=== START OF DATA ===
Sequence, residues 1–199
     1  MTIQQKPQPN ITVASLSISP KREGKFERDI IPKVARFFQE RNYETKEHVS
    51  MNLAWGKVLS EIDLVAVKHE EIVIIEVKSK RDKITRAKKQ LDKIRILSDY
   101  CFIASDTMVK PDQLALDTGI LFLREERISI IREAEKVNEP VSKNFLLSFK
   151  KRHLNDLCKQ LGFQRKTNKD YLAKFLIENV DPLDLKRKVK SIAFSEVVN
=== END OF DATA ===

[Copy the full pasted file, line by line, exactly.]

Sequence, residues 1–199
     1  MTIQQKPQPN ITVASLSISP KREGKFERDI IPKVARFFQE RNYETKEHVS
    51  MNLAWGKVLS EIDLVAVKHE EIVIIEVKSK RDKITRAKKQ LDKIRILSDY
   101  CFIASDTMVK PDQLALDTGI LFLREERISI IREAEKVNEP VSKNFLLSFK
   151  KRHLNDLCKQ LGFQRKTNKD YLAKFLIENV DPLDLKRKVK SIAFSEVVN